By 1966, Alice’s piano approach developed a startling new side, filled with sweeping, tide-like cadences, much like the approach she soon transferred to the harp; at the same time, she began to follow a spiritual curiosity veering towards Eastern paths, all influenced and encouraged by her husband’s example. Then, in July 1967, John suddenly succumbed to liver cancer and was gone.

Alice was just 30 years old, alone with four young children—Michelle, John Jr., Ravi and Oranyan. Yet she not only persevered, but stepped up her schedule and became more public than ever. Before 1968 ended, she learned to play harp, produced an album on the Coltrane Music label her husband founded, finished building and began recording in a home studio, and signed to Impulse Records, the company her husband had helped make famous. Her subsequent albums reveal an exciting musical mix related to, but sonically diverse from the music of John: blending the harp with traditional jazz and Indian instruments, and eventually a Wurlitzer organ with a special tone-modulating effect. Accompanied by an A-list of musicians who had performed with, or been influenced by her late husband—Pharoah Sanders, Charlie Haden, Ornette Coleman, Ron Carter, Carlos Santana—her recordings, from the late ‘60s through the 1970s, chart an expansive, twelve-year musical journey unlike any in the jazz world, before or since. Many of the titles alone suggest the music’s spiritual, mystical, even celestial ambitions: A Monastic Trio; Huntington Ashram Monastery; Ptah, The El Daoud; Journey in Satchidananda; Universal Consciousness; World Galaxy; Lord of Lords; Illuminations; . . . Eternity.

At the same time, Alice’s spiritual directive drove her ever deeper into spiritual study, steering herself to the Vaishnavism branch of the Vedic religion, which became her personal path. In ’69, the bassist Vishnu Wood introduced her to Swami Satchidananda; she began to study with him (and later Sathya Sai Baba) and became familiar with different devotional chants. In 1970, she accompanied Satchidananda on a five-week pilgrimage to India. There she found herself fully immersed in the sound and sway of an entirely different song tradition, eventually absorbing the music she encountered into her own. Upon her return to the States, Alice heard a calling that inspired her next, life-changing move.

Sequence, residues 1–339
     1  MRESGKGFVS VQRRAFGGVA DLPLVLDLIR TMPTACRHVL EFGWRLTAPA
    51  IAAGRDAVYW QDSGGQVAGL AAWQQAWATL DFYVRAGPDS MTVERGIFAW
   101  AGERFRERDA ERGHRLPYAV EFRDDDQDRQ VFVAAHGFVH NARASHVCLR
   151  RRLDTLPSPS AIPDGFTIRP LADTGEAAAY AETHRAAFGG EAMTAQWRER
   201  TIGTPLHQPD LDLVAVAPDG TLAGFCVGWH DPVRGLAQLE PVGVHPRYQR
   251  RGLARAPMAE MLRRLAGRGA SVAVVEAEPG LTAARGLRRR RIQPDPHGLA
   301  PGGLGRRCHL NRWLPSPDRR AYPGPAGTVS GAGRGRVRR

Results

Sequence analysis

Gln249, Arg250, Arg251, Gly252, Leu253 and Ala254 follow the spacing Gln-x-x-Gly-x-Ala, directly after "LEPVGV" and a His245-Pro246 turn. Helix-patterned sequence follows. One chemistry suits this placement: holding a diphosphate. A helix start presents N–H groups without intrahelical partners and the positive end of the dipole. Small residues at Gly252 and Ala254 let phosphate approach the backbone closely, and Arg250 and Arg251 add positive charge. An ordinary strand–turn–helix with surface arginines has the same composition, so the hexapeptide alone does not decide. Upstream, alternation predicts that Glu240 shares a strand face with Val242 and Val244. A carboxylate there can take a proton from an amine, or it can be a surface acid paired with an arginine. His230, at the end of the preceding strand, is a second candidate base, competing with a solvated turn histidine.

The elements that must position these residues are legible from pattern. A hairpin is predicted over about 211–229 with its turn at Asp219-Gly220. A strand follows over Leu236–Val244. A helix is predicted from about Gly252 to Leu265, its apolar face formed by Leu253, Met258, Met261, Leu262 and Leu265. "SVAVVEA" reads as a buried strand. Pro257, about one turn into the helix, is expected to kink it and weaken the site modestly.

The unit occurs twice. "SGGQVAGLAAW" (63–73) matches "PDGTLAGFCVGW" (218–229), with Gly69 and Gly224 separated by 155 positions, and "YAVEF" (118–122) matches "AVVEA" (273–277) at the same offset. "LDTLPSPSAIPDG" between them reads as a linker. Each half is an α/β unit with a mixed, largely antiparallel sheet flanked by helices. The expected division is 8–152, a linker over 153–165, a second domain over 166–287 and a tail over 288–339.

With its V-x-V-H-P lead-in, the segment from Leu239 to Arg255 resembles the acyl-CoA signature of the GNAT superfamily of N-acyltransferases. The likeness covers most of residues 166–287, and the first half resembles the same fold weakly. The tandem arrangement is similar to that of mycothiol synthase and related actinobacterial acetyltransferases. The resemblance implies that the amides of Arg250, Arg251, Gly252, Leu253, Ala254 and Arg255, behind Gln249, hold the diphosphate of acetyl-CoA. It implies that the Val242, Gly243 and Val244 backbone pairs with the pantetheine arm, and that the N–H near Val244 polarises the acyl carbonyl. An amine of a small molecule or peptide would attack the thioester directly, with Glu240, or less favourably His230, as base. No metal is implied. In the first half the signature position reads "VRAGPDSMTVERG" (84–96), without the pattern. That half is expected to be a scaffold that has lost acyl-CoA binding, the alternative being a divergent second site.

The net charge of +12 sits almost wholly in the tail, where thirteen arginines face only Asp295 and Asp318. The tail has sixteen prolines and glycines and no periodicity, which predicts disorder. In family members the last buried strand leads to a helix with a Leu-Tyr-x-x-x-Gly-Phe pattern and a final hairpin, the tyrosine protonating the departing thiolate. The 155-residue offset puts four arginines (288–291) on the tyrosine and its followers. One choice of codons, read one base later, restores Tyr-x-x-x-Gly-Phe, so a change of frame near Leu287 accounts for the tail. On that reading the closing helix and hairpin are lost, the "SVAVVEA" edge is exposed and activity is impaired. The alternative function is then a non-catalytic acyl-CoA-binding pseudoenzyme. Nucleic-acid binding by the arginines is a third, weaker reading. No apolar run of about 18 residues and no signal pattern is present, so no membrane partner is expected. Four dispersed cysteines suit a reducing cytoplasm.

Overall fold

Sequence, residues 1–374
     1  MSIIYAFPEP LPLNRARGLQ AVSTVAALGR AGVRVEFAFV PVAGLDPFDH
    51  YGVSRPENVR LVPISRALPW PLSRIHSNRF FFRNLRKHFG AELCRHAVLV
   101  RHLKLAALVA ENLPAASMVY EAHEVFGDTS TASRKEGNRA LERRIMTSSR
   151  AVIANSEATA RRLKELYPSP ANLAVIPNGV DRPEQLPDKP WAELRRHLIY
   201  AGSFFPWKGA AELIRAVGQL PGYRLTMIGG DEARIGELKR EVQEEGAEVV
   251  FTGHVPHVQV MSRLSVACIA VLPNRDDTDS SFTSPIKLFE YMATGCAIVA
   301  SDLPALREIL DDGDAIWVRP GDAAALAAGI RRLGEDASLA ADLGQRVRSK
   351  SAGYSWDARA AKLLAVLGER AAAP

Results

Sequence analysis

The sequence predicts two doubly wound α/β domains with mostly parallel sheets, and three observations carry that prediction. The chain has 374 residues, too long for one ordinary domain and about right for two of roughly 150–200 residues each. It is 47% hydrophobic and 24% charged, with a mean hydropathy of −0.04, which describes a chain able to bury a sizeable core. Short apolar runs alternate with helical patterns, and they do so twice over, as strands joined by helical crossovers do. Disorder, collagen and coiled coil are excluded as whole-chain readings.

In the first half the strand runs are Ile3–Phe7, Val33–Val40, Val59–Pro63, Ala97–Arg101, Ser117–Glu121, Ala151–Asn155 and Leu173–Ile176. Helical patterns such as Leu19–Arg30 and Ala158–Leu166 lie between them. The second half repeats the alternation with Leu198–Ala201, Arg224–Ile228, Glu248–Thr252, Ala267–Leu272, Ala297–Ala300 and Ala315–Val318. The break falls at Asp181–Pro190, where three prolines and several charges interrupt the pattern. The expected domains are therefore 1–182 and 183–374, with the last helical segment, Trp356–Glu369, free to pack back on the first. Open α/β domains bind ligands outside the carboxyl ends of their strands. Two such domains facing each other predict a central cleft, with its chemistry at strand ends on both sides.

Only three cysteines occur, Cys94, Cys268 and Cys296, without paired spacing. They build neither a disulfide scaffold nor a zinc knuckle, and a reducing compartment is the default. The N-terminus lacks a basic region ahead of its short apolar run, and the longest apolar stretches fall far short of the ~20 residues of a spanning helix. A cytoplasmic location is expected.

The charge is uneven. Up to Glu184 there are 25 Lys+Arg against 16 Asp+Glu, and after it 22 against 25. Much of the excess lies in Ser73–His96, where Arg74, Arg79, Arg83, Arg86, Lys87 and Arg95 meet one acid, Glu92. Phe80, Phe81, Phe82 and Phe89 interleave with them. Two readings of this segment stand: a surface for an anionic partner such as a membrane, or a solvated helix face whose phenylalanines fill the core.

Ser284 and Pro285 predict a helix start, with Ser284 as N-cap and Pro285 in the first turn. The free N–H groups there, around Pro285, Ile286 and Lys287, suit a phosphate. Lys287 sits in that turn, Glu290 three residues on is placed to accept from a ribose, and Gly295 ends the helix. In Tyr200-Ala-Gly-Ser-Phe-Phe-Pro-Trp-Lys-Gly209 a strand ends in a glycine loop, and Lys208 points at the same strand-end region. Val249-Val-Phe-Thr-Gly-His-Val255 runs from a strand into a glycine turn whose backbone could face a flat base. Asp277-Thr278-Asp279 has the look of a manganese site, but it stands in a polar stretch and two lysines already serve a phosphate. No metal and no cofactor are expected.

“One of the directives given to me was to start the Ashram. I felt I could serve in any way that God wished. If He wants you to do charity work or humanitarian work or however He wishes to utilize you, maybe just talking or giving musical concerts is fine. Many people have a musical ministry. Whatever was ordered, I would have been happy to receive.” – Alice Coltrane Turiyasangitananda, Ascent magazine 2007

Motivated by divine messages received during meditation, Alice first relocated her family to California in 1972, then three years later established the Vedantic Center in her home in Woodland Hills, just north of Los Angeles. She balanced the duties of mother and spiritual leader, her two roles merging on Sundays when her children attended Sunday devotional services. Ravi Coltrane recalls,